It's a Single! CA Sun releases "Lighten Up"

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The newest single from California-based CA Sun is here for your listening pleasure:

 

Formed in humble Bell, California, CA Sun are Bryant, Christian, Edgar and Sheldon: four boys destined to be men. Making the music of lovers, CA Sun set out to warm hearts and blow minds.

Their debut EP, Tidal Wave, was released in July of this year and all those who have heard it have never been seen again. Just kidding, they just really really liked it.  CA Sun invite you to dance, cry, and fall in love.

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Concert Review and Interview: Someone Still Loves You Boris Yeltsin

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Maybe it’s the name. Maybe it’s the youthful energy of their stage presence. Maybe it’s the glowing innocence of the songs. However it’s done, despite the fact that they’ve been making music together for 14 years, the Someone Still Loves You Boris Yeltsin concert at DC9 on June 26 still felt like just some teenagers having fun playing music at a local venue.

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ON AN ON Album Review: Give In

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ON AN ON’s debut album Give In is 45 minutes full of catchy, polished pop melodies and melancholy anthems. Give In describes exactly what this indie-pop trio refuses to do. After three of the six members had left indie-rock group Scattered Trees, the remaining three regrouped and reinvented themselves along with a new and unique sound as ON AN ON. As debut albums go, Give In is a strong effort and it hints at what the band could become with some honing.

With their song “Ghosts,” ON AN ON establishes a strong emotional atmosphere for the rest of the album. Layering the raspy sounds of percussion and a buzzy guitar over the main pop melody, they create a strong feeling of longing. The full percussion creates a subtly strong beat behind the song that enhances the melody’s buildup. “Every Song in the World” captures the desire to escape, as the lyrics comment on how every song is reminiscent of someone who was part of the songwriter’s painful memories. Although the lyrics are simple and repeat for the most part, they create a hint of insistence and urgency behind the emotion. With “American Dream,” the band takes a more mellow approach by creating a lullaby, as Eisland reassuringly croons “you’re gonna be a star.” “Cops” bluntly questions authority and the sense of security authority gives us—a controversial topic expressed in the most haunting song of the album. “I Wanted to Say More” is a beautiful, hazy piece to end the album that draws out its melody until the last possible second, creating a sweet tension before its final resolution.

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Album review: Youth Lagoon's Wondrous Bughouse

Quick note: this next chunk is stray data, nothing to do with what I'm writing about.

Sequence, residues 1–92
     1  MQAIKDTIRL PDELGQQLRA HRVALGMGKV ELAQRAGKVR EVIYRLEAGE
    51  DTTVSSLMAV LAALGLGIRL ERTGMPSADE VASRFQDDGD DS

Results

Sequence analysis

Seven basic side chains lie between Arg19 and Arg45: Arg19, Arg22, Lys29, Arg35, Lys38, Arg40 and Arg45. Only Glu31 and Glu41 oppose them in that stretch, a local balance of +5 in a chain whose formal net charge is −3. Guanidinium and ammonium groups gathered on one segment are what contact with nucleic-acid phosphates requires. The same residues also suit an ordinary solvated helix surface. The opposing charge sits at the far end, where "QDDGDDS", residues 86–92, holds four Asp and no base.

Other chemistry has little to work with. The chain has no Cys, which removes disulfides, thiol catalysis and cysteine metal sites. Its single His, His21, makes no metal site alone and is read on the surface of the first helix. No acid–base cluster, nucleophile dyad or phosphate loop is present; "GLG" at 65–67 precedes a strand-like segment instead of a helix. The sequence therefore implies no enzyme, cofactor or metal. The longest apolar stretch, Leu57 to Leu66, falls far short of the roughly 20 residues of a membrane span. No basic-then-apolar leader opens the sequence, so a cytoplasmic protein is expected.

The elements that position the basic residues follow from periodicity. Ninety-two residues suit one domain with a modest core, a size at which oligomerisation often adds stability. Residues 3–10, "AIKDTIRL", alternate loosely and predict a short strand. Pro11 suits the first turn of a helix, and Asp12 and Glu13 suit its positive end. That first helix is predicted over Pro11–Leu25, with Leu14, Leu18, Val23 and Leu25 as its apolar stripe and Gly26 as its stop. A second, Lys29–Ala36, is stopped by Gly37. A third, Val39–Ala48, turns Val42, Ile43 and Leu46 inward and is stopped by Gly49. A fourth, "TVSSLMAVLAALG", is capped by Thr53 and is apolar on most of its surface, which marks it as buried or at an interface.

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Back in early 2010,  everybody was looking forward to MGMT’s Congratulations. Personally, it was a flop. Congratulations represented, for me at least, the epitome of a sophomore slump album. It tried too hard to be something that blew everyone’s mind. Sure, Oracular Spectacular was amazing because it was weird. It was just that Congratulations pushed the boundaries past the line where it seemed acceptable.

The new Youth Lagoon album, Wondrous Bughouse, reminds me a lot of that attempt to go down the path where MGMT’s second album failed. To begin with, the name Wondrous Bughouse makes the album scream feel weird. That is exactly what it is. From the get go, with the first song, “Through Mind and Back”, I found myself wondering what was going on. What mess did I get into? Did I just enter the mindspace of some avant-garde film?

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Starfucker – Miracle Mile

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strfkr

Starfucker, also known by their “safe-for-work” moniker, STRFKR, released their third LP Miracle Mile last week, along with dates for their ensuing tour (including a trip to the 9:30 Club on March 13th). The band’s previous record, Reptilians, was very popular among critics and fans alike, and showed excellent progress from their self-titled debut. Known for their mix of indie pop, electronica, and sometimes-funky dance numbers, Starfucker has achieved status as a major name, first in their hometown scene of Portland and more recently worldwide.

For their die-hard supporters, Miracle Mile is another solid chapter in the Starfucker catalogue. It has the same kind of hooks, catchy guitar twangs, and slightly obscure references to 19th century poets we’ve become accustomed to since their debut. Still, as much as it appeals to their fan base, the album refuses to climb out of the ever-growing pool of generic, boring indie pop music.  Even at its highlights with the songs “Kahlil Gibran” and “Atlantis”, the listener is subjected to adolescent lyrics expressing vague and rather clichéd ideas.

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